Medline ® Abstract for Reference 139
of 'Overview of the treatment of acute lymphoblastic leukemia in children and adolescents'
Infusion of donor-derived CD19-redirected virus-specific T cells for B-cell malignancies relapsed after allogeneic stem cell transplant: a phase 1 study.
Cruz CR, Micklethwaite KP, Savoldo B, Ramos CA, Lam S, Ku S, Diouf O, Liu E, Barrett AJ, Ito S, Shpall EJ, Krance RA, Kamble RT, Carrum G, Hosing CM, Gee AP, Mei Z, Grilley BJ, Heslop HE, Rooney CM, Brenner MK, Bollard CM, Dotti G
Blood. 2013 Oct;122(17):2965-73. Epub 2013 Sep 12.
Autologous T cells expressing a CD19-specific chimeric antigen receptor (CD19.CAR) are active against B-cell malignancies, but it is unknown whether allogeneic CD19.CAR T cells are safe or effective. After allogeneic hematopoietic stem cell transplantation (HSCT), infused donor-derived virus-specific T cells (VSTs) expand in vivo, persist long term, and display antiviral activity without inducing graft-vs-host disease; therefore, we determined whether donor VSTs, engineered to express CD19.CAR, retained the characteristics of nonmanipulated allogeneic VSTs while gaining antitumor activity. We treated 8 patients with allogeneic (donor-derived) CD19.CAR-VSTs 3 months to 13 years after HSCT. There were no infusion-related toxicities. VSTs persisted for a median of 8 weeks in blood and up to 9 weeks at disease sites. Objective antitumor activity was evident in 2 of 6 patients with relapsed disease during the period of CD19.CAR-VST persistence, whereas 2 patients who received cells while in remission remain disease free. In 2 of 3 patients with viral reactivation, donor CD19.CAR-VSTs expanded concomitantly with VSTs. Hence CD19.CAR-VSTs display antitumor activity and,because their number may be increased in the presence of viral stimuli, earlier treatment post-HSCT (when lymphodepletion is greater and the incidence of viral infection is higher) or planned vaccination with viral antigens may enhance disease control. This study is registered at clinicaltrials.gov as #NCT00840853.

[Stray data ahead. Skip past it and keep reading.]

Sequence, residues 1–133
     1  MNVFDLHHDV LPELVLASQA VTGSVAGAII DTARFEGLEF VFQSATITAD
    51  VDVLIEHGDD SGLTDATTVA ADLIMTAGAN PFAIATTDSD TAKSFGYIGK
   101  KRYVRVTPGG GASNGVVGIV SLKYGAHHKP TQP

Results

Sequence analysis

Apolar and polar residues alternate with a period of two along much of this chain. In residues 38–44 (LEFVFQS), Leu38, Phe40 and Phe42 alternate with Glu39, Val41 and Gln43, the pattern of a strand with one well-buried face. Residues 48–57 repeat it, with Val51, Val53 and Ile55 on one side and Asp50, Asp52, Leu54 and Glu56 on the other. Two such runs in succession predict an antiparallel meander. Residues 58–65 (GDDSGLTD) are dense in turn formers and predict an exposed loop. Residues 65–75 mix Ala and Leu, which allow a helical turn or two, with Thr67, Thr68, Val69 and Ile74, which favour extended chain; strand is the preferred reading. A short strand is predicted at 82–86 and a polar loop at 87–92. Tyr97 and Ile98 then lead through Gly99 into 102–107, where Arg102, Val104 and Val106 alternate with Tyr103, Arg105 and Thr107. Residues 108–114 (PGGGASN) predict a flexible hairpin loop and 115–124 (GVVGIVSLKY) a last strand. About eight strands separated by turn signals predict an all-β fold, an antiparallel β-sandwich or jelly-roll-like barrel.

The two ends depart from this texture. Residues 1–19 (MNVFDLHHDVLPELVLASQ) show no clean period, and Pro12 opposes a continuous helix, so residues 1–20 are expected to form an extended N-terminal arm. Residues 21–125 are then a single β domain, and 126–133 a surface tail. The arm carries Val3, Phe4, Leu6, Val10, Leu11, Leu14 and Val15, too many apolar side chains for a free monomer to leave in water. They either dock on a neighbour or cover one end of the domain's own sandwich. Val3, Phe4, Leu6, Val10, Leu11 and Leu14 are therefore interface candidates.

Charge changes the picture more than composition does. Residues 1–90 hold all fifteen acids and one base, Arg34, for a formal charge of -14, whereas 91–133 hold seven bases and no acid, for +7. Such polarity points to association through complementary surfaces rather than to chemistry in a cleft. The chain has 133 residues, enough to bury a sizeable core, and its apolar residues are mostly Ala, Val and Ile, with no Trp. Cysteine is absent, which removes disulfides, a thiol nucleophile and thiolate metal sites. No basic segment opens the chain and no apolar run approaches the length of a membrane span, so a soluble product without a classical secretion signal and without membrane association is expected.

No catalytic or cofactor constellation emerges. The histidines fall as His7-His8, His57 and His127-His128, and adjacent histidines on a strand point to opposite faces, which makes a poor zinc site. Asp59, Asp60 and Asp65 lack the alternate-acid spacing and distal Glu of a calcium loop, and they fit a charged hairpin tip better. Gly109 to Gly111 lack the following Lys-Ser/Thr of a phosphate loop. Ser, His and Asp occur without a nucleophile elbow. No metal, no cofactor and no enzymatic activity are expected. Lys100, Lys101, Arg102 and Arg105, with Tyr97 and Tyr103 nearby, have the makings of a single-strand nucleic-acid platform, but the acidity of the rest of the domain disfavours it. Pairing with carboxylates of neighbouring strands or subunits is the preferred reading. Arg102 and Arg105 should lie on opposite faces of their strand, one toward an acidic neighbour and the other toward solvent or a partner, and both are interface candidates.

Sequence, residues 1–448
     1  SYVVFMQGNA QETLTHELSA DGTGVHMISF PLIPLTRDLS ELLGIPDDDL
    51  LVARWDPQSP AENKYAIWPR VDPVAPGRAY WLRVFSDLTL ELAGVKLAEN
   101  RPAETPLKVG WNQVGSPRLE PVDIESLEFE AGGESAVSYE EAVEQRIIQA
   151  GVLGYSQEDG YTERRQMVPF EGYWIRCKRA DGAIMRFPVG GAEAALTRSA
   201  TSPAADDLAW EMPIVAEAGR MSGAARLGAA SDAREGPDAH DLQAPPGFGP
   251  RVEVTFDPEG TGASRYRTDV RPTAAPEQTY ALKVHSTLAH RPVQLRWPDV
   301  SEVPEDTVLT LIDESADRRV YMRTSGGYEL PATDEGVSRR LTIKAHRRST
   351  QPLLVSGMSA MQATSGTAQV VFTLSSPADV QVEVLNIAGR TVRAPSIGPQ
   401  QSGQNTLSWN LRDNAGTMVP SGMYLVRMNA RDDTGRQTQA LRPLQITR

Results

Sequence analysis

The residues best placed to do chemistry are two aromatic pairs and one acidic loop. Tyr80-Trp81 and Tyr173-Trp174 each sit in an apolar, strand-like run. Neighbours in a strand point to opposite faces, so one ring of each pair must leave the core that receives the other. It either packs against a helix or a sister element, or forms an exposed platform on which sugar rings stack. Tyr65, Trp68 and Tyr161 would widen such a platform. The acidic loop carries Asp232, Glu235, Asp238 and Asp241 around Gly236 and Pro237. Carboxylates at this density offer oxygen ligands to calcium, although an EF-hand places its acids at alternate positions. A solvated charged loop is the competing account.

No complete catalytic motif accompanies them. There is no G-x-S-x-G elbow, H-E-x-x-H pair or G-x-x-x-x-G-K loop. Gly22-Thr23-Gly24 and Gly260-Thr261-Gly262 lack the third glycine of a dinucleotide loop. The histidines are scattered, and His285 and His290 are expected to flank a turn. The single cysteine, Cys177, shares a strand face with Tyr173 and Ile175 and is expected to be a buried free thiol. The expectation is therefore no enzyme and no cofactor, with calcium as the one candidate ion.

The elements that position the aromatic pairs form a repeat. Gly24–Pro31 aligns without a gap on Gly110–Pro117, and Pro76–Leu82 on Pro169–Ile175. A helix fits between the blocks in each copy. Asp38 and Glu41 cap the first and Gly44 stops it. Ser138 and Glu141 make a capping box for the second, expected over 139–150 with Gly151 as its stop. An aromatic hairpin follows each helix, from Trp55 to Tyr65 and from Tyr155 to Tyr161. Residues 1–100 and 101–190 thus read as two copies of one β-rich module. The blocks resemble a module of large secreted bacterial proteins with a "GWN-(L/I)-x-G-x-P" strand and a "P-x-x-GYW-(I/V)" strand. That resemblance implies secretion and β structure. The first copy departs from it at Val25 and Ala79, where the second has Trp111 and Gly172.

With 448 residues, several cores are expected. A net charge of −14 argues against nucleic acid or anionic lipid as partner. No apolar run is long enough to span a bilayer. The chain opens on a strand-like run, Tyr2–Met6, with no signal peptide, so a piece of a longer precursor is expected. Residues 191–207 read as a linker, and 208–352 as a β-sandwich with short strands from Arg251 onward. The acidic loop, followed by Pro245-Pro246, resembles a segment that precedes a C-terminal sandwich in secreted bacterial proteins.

Center for Cell and Gene Therapy, Baylor College of Medicine, Houston, TX;